Humphrey found that the users were, in general, not concerned with their privacy because they, “felt they had control over their information and to whom it was sent and because they were experienced and savvy internet users.” During his interview process he found that some users were unconcerned about their privacy because they could control when they would share their location and to whom. This ignored the fact that Google and the Dodgeball service were monitoring them, thus making their understanding of their privacy naively narrow. For the most part Humphrey found that the users information did not go further than the user’s selected friends. However, they did not have control over the dissemination of their information to corporate entities.
But what could corporations possibly do with our feed of location check-ins? This information can be linked with other databases giving marketers and corporations a more holistic view of their consumer. This is an example of voluntary surveillance.
The Dodgeball case study also examined lateral surveillance. In order to function the service required lateral monitoring. The issues that come up in relation to this were more apparent to the users. There existed users who never posted their location and merely eavesdropped on the other users locations. Humphrey points out the lateral surveillance could also lead to stalking, but found that, again, users were unconcerned. Here is the response from one interviewee.
I just figure there are some people who are just more into checking in all the time and some people are lazier. So if you have someone who’s lazy and never checks in, are they surveying me? Not really, I’m willingly checking in. There’s no surveillance aspect to it at all because it requires that a user input a check in. There is no kind of surveillance. I never feel like it’s a stalking or whatever. You know, and in my circle, it’s at least 50% female. Although you know that’s probably not reflective of Dodgeball in general because I’m sure girls are afraid of the stalking aspect. You know, when you sign up for Dodgeball they explain all the ground rules. They do go way out of their way to try to calm people’s concerns. They go, ‘‘Look, we’ve prevented all these ways so that no one can really stalk you.’’ And you know that’s good enough for me. But then again I’ve never really been stalked so I can’t say it’s high on my priority of what I’m afraid of. I’d probably be more complimented. ‘‘Oh you’re stalking me? That’s so cute!’’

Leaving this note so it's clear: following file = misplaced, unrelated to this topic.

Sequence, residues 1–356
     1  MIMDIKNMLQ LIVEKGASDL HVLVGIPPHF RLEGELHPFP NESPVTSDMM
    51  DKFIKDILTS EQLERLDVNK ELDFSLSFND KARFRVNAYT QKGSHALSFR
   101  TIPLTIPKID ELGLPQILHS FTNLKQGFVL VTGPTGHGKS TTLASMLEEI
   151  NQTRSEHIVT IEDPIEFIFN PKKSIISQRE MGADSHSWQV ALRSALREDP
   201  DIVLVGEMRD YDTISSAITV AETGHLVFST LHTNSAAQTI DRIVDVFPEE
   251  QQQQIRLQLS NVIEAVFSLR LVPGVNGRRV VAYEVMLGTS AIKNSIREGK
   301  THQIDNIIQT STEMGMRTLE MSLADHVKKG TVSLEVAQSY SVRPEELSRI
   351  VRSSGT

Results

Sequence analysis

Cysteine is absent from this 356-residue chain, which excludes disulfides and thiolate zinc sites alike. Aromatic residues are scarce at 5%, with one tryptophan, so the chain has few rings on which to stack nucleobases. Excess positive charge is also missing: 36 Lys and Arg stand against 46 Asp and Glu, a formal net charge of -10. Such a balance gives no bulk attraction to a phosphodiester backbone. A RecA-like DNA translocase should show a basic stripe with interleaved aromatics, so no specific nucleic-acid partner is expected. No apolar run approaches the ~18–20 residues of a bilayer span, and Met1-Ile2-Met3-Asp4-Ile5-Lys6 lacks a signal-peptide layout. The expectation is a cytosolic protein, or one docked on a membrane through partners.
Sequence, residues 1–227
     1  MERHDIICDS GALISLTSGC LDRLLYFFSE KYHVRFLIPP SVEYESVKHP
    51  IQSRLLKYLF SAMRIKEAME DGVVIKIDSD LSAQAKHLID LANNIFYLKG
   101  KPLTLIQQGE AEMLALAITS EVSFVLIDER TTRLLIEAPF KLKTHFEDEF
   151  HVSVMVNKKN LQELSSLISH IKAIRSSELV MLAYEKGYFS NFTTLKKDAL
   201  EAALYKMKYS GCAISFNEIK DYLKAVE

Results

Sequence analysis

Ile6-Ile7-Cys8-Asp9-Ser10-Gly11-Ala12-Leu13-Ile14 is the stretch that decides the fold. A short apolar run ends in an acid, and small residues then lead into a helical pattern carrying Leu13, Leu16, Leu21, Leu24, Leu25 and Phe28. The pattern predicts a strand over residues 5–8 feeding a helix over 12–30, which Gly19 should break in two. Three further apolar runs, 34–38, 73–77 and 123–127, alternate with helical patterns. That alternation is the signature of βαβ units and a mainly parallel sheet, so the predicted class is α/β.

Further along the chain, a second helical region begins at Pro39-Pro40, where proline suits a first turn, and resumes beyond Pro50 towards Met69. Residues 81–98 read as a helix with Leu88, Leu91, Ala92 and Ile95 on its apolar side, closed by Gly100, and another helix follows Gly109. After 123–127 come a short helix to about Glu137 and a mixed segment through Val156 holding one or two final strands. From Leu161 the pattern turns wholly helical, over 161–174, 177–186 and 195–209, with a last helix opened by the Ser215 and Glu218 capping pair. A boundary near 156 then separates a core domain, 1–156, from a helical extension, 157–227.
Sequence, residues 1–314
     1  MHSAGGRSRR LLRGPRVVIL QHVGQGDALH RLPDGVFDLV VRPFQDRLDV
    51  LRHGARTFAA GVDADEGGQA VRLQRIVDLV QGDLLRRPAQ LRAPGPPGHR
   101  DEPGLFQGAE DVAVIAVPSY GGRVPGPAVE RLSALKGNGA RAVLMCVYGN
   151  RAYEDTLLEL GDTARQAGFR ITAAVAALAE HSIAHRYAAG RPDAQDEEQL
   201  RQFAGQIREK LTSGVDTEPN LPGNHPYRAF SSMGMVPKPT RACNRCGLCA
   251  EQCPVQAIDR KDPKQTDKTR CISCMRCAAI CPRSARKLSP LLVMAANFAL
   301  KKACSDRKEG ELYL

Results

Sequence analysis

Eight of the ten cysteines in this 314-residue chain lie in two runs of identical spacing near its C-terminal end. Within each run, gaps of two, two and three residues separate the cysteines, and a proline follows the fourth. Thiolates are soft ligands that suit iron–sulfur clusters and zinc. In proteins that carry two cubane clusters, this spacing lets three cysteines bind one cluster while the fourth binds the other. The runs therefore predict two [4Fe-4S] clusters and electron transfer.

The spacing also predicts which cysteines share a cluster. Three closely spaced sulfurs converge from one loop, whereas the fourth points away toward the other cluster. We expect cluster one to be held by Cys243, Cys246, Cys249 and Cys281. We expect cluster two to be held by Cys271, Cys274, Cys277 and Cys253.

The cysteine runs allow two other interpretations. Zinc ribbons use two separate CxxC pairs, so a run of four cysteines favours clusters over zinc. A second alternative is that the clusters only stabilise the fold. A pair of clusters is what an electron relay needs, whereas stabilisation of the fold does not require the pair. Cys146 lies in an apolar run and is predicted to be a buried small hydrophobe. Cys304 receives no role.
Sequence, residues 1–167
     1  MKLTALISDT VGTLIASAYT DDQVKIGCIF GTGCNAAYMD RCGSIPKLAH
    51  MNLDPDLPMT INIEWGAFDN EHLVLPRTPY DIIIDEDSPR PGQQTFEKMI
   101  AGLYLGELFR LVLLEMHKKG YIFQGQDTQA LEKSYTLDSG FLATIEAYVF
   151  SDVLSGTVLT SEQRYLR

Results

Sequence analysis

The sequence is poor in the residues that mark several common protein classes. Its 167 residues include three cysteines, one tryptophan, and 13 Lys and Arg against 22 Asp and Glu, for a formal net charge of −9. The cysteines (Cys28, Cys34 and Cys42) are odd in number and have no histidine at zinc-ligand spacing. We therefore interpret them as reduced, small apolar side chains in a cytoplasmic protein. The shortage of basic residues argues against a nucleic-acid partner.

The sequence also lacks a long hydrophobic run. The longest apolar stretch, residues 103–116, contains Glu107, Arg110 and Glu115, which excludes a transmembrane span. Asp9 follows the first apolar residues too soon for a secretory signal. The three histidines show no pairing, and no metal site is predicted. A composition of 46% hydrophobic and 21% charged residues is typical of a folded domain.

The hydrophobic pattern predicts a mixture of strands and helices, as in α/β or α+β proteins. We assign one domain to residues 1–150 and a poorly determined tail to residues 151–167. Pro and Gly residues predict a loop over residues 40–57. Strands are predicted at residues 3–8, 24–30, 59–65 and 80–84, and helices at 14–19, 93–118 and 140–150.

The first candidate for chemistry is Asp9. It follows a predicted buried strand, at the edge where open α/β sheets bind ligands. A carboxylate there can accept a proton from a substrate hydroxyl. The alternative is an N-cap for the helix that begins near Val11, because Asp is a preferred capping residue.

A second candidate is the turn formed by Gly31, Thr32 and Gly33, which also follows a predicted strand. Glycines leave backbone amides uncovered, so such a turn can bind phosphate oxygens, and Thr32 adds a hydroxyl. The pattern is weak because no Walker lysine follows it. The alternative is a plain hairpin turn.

(Irwin, Los Angeles)
Finally, we’ve arrived at self-surveillance. Dodgeball provided a recording service so users could go through and look at their behavior and see patterns. “The self-surveillance that Dodgeball facilitated allowed users like Irwin to see where he had been in ways that were previously much more difficult to do. Not only did Dodgeball keep an itemized list of his social outings, but also it created a visual representation of outings on the Google Map. By combining his map with the maps of his friends, he could visually compare and contrast social outings,” writes Humphrey. This allows users to develop a connection between the data and their physical reality.
Perhaps the specificity of this study makes it not as applicable to everyone. However, it was clear from the study that mobile social networks encourage all three forms of surveillance. It doesn’t matter if you’re not using a service like Dodgeball or Foursquare. Allowing Twitter and Facebook to track your geographic location on your phone creates the same environment.
I believe that the lack of concern that Humphrey found in his study reflects the unsophisticated thoughts that are held by many online users regarding privacy. In order to have a real discussion about privacy rights the general public needs to have a more comprehensive understanding of the nature of their privacy and how it has been compromised.
Who’s Watching Whom? A Study of Interactive Technology and Surveillance.Lee Humphreys. Journal of Communication. 61.4 (Aug. 2011) p575.